The Italian and British conquest of the Sultanates (in 1920-1927) suppressed the peoples’ resistance and destroyed all political, economic and commercial structures. The Italian fascist authorities were more repressive than the British, as reflected by the economic policies they applied to the northeastern regions. For instance, import-export trade and all the commercial transactions with the previously mentioned traditional markets were suspended and forcibly replaced with Italian trade companies, which imported consumer goods from Italy and exported salt, frankincense, hides, skin and agricultural cash crops (banana and cotton) to Italy through Mogadishu.
The Fall of the Sultanates
The suspension of trade markets and political structures of the former Sultanates by the colonial authorities had a devastating effect on the livelihood security, famine coping mechanism and employment/income earning opportunities of the northeastern communities. This time period saw the migration of large numbers pastoralists, merchants and fishermen to the southern regions of Somalia, as well as to the nearby Arab states and East Africa in order to seek employment and trading opportunities. Furthermore, the Sultan of The Warsangali was exiled to the Seychelles Island by the British authorities and the Sultan of Obbia and the Boqor of Migiurtinia, their families, relations and key collaborators (such as the traditional elders) were forcibly deported by the Italians to Mogadishu.
The deportation and exile of the Sultans, the compulsory conscription of more than 25,000 pastoralists (Italo-Ethiopian war of 1935-36) and destruction of economic, trade and political structures were all aimed to prevent or repress internal resistance & rebellion and to deplete & weaken the manpower resources of the conquered regions.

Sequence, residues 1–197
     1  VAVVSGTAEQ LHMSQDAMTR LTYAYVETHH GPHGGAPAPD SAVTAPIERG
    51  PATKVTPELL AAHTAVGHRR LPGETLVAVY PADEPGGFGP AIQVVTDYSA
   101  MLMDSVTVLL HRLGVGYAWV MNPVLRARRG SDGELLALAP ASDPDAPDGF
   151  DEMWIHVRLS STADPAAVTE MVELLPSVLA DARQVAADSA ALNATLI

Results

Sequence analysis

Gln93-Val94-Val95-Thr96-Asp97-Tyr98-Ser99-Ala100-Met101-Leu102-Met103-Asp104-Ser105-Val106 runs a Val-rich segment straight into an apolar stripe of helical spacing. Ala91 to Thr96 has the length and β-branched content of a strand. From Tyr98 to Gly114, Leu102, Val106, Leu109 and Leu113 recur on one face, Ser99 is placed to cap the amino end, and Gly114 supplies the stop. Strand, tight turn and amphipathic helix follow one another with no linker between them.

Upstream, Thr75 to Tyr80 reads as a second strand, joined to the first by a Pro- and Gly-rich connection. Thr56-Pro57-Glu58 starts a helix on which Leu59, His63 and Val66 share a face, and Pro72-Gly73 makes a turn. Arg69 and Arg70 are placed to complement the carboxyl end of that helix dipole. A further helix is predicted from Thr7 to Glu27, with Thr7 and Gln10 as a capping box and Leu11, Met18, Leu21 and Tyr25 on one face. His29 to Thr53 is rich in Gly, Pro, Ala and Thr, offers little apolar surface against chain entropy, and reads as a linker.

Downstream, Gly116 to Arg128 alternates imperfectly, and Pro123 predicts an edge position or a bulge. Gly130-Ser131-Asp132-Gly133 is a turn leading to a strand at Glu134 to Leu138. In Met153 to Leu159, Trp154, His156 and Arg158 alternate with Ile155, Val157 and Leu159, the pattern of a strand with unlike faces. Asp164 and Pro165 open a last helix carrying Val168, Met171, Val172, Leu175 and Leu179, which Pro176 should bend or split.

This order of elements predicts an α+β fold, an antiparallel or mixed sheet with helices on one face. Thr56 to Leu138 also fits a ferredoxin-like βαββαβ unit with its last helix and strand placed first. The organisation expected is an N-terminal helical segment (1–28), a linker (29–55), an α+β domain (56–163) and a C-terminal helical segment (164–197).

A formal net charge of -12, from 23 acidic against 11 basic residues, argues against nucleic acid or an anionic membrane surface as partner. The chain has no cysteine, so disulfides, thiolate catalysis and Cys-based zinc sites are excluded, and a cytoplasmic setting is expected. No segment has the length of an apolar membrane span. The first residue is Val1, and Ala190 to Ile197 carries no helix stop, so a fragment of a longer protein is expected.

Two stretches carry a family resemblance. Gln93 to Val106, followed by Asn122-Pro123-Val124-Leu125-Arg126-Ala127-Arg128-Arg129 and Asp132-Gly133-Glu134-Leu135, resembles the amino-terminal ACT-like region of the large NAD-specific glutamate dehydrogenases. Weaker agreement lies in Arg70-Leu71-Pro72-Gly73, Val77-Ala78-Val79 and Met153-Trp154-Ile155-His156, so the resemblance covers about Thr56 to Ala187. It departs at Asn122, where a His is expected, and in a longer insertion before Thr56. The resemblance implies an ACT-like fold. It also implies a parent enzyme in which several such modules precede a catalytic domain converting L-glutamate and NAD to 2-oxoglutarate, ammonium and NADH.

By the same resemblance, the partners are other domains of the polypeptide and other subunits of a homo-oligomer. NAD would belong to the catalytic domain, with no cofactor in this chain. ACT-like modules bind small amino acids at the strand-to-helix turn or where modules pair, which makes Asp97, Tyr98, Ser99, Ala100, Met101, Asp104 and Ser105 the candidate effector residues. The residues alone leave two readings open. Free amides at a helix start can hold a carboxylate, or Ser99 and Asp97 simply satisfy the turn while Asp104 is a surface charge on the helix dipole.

Due to its location, Hafun (Dante) was selected as the capital of Italian Somaliland. The once bustling capital was later reduced to ruins through heavy shelling by the British in 1942 (during the Second World War), destroying most of the historical buildings.
In 1943, the Somali Youth League ( then known as the Somali Youth Club), the political party that brought Somalia to independence in 1960, was founded by Yasin Haji Osman Sharmarke. Sharmarke was the son of a noble chief from the Sultanate of Obbia and cousin of Abdirashid Ali Shermarke who would later became President of Somalia. Timiro Cukaash Guuleed ( Timiro Ukash), who many believe the fictional character ‘Hawo Tako‘ was based off of, was the first female member of the Somali Youth League. A poet and freedom fighter, Cukaash would play an integral part of the Somali independence movement. The Italian colonial masters murdered her husband and arrested a pregnant Cukaash, forcing her to give birth to her first child in prison. She spent the next two years behind bars.
In 1947, Ali Mire Awale wrote “Soomaaliyeey toosoo”. A few years later in 1954, Mohammed Awale Liban created the Somali flag after he had been selected by the Somali labour trade union to come up with a design in preparation for independence. It was officially adopted on October 12, 1954.
The five-pointed white Star of Unity in its center represents the Somali ethnic group found in Djibouti, the Ogaden region in Ethiopia, the North Eastern Province in Kenya, and the former British Somaliland and Italian Somaliland territories ( present-day Somalia).
The flag’s light blue backdrop was originally influenced by the flag of the United Nations, in recognition of the United Nation’s role in Somalia’s transition to independence during the trusteeship period.